Working internationally

UK museums are involved in a huge range of projects and partnerships with organisations all over the world.  International activity includes:

  • Loans and touring exhibitions, both going out from the UK and coming in
  • Partnership working to share skills and expertise
  • Joint research and conservation projects
  • Involvement in international showcase events such as expos and biennales
  • Working with artists, schools and communities
  • Providing advice to organisations overseas establishing new museums, or improving existing facilities.


Much of UK museums’ international work is based around their collections. Some of the most comprehensive and internationally important collections of natural history, archaeology, technology, art, literature and design are held by UK museums - and so these world collections tell world stories. In May 2016, NMDC worked with the British Council to produce a guide to collections held in UK museums to help potential international partners realise the breadth and scope of what UK museums do. A Wealth of Treasures was launched at the British Embassy in Washington.

UK museums have a long history of working in partnership overseas and continue to do so to maintain their preeminence. However, this activity can have a wider impact beyond the cultural output. Museums have a role in economic growth and investment, cultural exchange, the preservation of memory and the exploration of identity, and diplomacy.

Working Internationally Conferences

NMDC works in partnership with ICOM-UK to deliver an annual conference focusing on the practicalities of museums working internationally.  Click to see previous conference edition information.  

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International activity

The NMDC paper World Collections illustrates the breadth of museums' international work and explores its wider impact. UK museums are able to build on long-standing international relationships and the stories which can be told by objects in their collections, to deliver work which has an impact on every region of the world. This ranges from sell-out touring exhibitions to ground-breaking scientific research, staff exchange programmes and relationship-building in regions where government relations face challenges. Museums upload details of their international work onto the Culture Diary and A Wealth of Treasures (produced by NMDC and the British Council) shows the breadth of UK collections.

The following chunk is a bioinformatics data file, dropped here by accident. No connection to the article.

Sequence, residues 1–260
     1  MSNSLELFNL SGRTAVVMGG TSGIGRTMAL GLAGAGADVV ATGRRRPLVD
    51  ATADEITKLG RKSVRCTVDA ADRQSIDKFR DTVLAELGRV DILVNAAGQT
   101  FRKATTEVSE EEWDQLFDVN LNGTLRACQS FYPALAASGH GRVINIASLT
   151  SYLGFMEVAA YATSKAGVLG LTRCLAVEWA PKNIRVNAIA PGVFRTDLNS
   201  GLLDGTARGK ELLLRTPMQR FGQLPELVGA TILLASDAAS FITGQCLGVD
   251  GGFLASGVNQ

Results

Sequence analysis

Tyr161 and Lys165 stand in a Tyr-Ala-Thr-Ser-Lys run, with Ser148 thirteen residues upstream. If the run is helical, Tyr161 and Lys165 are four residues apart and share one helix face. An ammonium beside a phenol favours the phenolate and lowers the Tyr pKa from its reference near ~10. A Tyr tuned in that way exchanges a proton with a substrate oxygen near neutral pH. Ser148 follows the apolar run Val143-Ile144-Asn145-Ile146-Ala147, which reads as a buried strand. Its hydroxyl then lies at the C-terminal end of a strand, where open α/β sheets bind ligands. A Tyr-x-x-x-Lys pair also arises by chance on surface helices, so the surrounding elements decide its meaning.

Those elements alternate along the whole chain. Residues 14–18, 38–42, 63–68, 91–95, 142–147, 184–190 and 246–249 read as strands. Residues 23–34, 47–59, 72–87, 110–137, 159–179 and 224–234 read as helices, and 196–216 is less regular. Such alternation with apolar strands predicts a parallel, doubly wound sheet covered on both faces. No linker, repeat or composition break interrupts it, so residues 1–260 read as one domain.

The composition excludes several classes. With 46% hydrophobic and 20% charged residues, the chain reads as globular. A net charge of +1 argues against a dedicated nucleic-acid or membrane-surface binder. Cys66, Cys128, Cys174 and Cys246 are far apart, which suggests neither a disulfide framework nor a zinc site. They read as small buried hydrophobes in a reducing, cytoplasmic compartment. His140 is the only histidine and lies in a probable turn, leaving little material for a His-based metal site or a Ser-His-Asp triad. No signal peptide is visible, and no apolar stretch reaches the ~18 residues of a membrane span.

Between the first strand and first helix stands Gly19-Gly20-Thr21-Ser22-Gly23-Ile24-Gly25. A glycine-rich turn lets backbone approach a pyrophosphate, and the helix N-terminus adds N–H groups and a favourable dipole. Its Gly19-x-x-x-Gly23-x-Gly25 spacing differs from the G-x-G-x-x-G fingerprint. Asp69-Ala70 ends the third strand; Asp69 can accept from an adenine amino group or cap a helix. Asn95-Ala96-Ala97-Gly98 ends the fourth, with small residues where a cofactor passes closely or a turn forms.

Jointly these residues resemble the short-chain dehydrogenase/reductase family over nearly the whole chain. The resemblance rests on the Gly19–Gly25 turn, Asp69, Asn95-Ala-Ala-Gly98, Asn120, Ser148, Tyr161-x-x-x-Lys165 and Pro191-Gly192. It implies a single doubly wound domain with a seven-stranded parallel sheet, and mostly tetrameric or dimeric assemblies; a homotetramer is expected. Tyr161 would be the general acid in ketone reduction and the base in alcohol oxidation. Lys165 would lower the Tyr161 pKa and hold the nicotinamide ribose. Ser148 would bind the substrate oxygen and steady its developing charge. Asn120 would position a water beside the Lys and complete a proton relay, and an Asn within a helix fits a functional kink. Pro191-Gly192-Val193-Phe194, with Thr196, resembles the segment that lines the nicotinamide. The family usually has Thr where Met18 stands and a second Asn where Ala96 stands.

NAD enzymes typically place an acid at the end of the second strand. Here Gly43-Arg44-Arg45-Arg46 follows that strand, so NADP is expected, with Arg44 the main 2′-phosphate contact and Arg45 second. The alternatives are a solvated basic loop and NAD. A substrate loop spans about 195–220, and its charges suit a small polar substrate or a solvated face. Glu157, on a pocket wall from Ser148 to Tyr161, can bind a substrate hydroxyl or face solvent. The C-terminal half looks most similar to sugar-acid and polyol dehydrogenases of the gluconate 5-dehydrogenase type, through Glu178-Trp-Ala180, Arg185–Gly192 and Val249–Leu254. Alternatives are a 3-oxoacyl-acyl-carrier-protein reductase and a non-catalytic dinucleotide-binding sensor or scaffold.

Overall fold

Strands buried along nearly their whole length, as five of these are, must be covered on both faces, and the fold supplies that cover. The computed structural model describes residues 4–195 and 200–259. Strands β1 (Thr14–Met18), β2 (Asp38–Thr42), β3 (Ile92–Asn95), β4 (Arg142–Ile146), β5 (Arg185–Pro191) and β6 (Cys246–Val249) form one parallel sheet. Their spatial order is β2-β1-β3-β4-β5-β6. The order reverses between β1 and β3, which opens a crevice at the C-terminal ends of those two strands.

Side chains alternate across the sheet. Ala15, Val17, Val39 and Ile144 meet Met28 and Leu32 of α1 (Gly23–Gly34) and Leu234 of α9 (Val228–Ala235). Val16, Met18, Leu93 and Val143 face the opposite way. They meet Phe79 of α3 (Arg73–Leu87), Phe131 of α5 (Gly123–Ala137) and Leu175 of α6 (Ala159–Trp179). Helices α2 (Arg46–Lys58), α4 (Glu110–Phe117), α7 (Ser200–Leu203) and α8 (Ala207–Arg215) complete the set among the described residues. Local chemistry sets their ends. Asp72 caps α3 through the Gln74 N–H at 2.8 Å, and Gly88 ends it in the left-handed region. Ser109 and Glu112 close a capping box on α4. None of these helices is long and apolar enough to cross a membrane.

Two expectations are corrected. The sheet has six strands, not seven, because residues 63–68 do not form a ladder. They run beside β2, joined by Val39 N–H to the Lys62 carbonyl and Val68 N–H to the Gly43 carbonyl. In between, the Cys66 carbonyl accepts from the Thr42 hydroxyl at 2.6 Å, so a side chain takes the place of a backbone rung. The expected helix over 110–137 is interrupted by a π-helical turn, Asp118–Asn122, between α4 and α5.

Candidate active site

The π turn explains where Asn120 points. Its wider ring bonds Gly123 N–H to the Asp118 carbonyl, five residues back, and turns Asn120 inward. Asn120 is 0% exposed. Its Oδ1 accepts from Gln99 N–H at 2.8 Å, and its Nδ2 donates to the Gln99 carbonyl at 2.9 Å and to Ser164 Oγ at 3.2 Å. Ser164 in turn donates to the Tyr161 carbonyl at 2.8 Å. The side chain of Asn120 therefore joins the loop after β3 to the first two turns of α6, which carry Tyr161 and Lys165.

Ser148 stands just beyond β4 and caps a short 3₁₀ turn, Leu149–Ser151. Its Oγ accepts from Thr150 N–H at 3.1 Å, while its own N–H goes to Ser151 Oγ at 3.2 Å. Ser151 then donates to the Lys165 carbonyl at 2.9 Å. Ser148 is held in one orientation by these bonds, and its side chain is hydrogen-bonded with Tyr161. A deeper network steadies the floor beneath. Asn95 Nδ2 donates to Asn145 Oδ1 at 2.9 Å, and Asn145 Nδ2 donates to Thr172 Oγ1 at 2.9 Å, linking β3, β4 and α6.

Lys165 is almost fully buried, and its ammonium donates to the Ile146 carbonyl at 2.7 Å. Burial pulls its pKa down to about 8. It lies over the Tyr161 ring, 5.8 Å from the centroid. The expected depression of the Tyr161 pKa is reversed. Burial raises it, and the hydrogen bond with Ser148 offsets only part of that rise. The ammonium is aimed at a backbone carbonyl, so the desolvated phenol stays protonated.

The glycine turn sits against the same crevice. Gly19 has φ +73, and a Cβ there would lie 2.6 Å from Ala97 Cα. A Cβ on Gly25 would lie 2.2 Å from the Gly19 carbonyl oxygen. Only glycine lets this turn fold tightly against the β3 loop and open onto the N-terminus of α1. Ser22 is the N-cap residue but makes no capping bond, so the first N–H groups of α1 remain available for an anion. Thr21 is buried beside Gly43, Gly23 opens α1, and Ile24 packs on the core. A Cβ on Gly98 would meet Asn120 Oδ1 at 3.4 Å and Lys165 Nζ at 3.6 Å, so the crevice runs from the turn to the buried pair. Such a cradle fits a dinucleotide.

Read more and download the paper

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Successfully Working Internationally

NMDC works in partnership with ICOM-UK to organise an annual Working Internationally Conference.

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Working with Higher Education Institutions

Museums work in partnership with Higher Education Institutions, both in Britain and overseas, to deliver aspects of their international activity. Universities may be partners in academic research, help deliver training and capacity building, or be collaborators on producing teaching and study materials or activities. University academics may lend their expertise as guest curators or to document parts of a museum's collection, or help broker partnerships between an UK and overseas museum. 

UK Higher Education International Unit provides information, networking and advocacy for international work involving UK Higher Education Institutions.

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How to work internationally

Since 2014, NMDC has been a partner in the Working Internationally Regional Project: an Arts Council England-funded initiative to develop greater confidence and capacity amongst a wider group of museums to work internationally.

The Resources section of the ICOM-UK website contains a wealth of information, case studies and guidance articles to help inform museums' international work. To access the resources, see here.

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Museums and Galleries: UK-India Opportunities and Partnerships

British Council India launched Museums and Galleries: UK-India Opportunities and Partnerships in October 2014. The UK element of the research was conducted by the NMDC. The document provides a comprehensive overview of both the Indian and UK museum sectors, some case studies, and a digest about 160 Indian organisations and 58 UK museum services. If a UK museum is interested in developing links with their Indian counterparts (or visa versa), then this is a good reference tool as it helps to identify potential suitable partner organisations.

The British Council report India Matters provides an introduction to the wider context of educational and cultural relations, and is a helpful reference.  

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